When you owe money to the CRA
Controlling interest costs
Over 5.6 million returns filed as of May 27, 2019, had balances due averaging $5,244. Three things must be managed if you owe tax: interest on late payments; potential offsets and adjustments; and your relationship with the collections office.
Understanding the costs of paying late
When you owe money to the Canada Revenue Agency (CRA), acting promptly is important. The CRA starts charging interest starting the day following your tax filing due date. The interest charges themselves are very expensive. Currently the prescribed interest rate is 2%. However, because the government adds 4% to this prescribed rate on outstanding amounts you owe them, the actual interest rate charged is 6%, compounded daily.
For these reasons, it may be cheaper to borrow from the bank than to owe money to the CRA. You should enquire about this, do the math, and make informed choices about who your lender should be.
Interest or penalty relief is generally not granted by the CRA simply because you don’t have the money. It is always best to contact the collections department and make arrangements to pay over time to mitigate your interest costs.
Inability to pay or financial hardship
When collection activities have been suspended due to an inability to pay and substantial interest has accumulated, or will accumulate (or when your ability to pay requires an extended payment arrangement), relief may be granted to you by the CRA. If you can show that you have had a significant financial hardship, the CRA may waive all or part of the interest for the period beginning when you start making payments, until the amounts owing are paid.
A request for taxpayer relief may be made using Form RC4288: Request for Taxpayer Relief – Cancel or Waive Penalties or Interest. But if you are granted relief or payment extensions, you must make the agreed payments on time and continue to comply with filing obligations.
Relief may also be possible when payment of the accumulated interest would cause a prolonged inability to provide basic necessities such as food, medical help, transportation, or shelter.
Look back for other forms of tax relief
Filing tax returns is never just a one-year affair. By taking a close look around you – 10 years back and several years forward – you will often find opportunities to recover previously paid taxes; or position yourself to save money in the future.
To illustrate, you can make adjustments to:
* The current tax return if missed a slip or forgot to make a claim.
* Prior filed returns, filed up to 10 years back to recover refunds from missed tax provisions, or up to three years back to apply capital or non-capital losses.
* Future tax returns to carry forward provisions like donations, medical expenses, political contributions, or unused capital or non-capital losses.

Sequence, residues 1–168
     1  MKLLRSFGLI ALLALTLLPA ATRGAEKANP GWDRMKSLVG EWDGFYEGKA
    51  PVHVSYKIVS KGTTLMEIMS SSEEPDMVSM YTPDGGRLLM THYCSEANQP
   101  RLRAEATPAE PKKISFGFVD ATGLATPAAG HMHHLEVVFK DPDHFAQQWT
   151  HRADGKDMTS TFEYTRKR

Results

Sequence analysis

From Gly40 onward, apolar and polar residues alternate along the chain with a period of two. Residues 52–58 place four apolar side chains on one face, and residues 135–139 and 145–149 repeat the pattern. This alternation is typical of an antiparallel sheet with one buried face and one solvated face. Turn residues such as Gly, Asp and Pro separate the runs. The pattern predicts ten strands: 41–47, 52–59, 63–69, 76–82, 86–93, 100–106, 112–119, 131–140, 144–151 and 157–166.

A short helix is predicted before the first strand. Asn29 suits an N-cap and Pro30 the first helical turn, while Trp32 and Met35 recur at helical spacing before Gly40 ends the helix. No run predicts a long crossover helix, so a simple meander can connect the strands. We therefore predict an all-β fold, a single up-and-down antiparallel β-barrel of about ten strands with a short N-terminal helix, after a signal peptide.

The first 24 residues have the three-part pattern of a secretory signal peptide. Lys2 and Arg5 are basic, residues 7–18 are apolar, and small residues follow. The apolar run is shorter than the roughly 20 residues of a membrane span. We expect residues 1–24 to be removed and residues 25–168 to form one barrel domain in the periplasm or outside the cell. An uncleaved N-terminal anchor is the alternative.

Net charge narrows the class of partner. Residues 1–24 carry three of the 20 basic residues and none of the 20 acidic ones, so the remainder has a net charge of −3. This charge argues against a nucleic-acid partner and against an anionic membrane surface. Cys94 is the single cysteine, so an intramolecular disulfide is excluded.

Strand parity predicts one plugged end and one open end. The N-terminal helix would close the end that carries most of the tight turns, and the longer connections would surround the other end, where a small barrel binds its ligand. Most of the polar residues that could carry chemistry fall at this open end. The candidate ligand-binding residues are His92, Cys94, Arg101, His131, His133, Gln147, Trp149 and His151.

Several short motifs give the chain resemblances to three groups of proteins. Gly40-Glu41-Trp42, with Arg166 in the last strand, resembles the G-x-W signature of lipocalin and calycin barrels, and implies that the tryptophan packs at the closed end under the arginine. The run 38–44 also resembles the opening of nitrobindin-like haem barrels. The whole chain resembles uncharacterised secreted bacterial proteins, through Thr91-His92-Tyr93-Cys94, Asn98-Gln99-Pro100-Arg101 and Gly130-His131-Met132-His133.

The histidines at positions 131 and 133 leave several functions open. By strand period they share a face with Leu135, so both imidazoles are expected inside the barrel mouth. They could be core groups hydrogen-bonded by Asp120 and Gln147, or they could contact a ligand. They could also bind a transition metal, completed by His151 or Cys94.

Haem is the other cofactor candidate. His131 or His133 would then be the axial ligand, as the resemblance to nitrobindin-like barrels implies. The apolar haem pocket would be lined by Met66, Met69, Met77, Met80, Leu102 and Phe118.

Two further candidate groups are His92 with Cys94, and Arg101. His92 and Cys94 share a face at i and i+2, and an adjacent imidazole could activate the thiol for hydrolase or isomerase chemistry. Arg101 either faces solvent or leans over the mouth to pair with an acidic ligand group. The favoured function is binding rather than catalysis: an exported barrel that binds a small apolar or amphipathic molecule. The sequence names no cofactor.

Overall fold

Use form T1-ADJ: Adjustment Request or use MyAccount to adjust online for up to 10 years back. Wait to get your Notice of Assessment first, however.
What if CRA owes you?
Unfortunately, the numbers and methodology on interest payments changes significantly when CRA owes you money. In fact, the CRA will only pay you interest (it’s taxable, by the way), at the prescribed rate plus 2%. There’s more bad news: interest is only paid on the latest of the following three dates: 31; the 31st day after you file your return; the day after you overpaid your taxes. That means if you file four years late and the government owes you $5,000, interest will only be paid starting from the 31st day after you file to the time you get your refund.
Be aware that CRA can also keep your refund in the following cases:
* You owe or are “about to owe” a balance to the CRA.
* You have a garnishment order against you under the Family Orders and Agreements Enforcement Assistance Act.
* You have any outstanding GST/HST returns from a sole proprietorship or a partnership.
* You owe money to any other federal, provincial, or territorial government, for example, on your student or immigration loans, or overpayments from Employment Insurance, social assistance or training allowances.
A tax specialist can help
Because the burden of proof for the numbers on your return is always on you, even if CRA has made a mistake, it is important to establish a relationship with a competent professional you can call on, should you have sudden trouble with the CRA.
These pros can go to bat for you in your relationship with the CRA, acting as your neutral and calm third party to enable important next steps. These may be negotiating payment terms and finding ways to maximize your filing rights over a period of years, if CRA makes adjustments to any of your tax returns. This includes the opportunity to correct any prior errors or omissions to prior filed returns, and potentially offset or wipe out a bill CRA says you owe.
© 2019 The Knowledge Bureau, Inc. All rights reserved. Used with permission.
Evelyn Jacks is the founder and President of Knowledge Bureau, which brings continuing financial education in the multiple areas of specialization to advisors and their clients. She is the author of 52 books on tax and wealth planning. This article originally appeared in the Knowledge Bureau Report. Follow Evelyn Jacks on Twitter @EvelynJacks. Visit her blog at www.evelynjacks.com.
Notes and Disclaimer
The foregoing is for general information purposes only and is the opinion of the writer. No guarantee of investment performance is made or implied. It is not intended to provide specific personalized advice including, without limitation, investment, financial, legal, accounting or tax advice.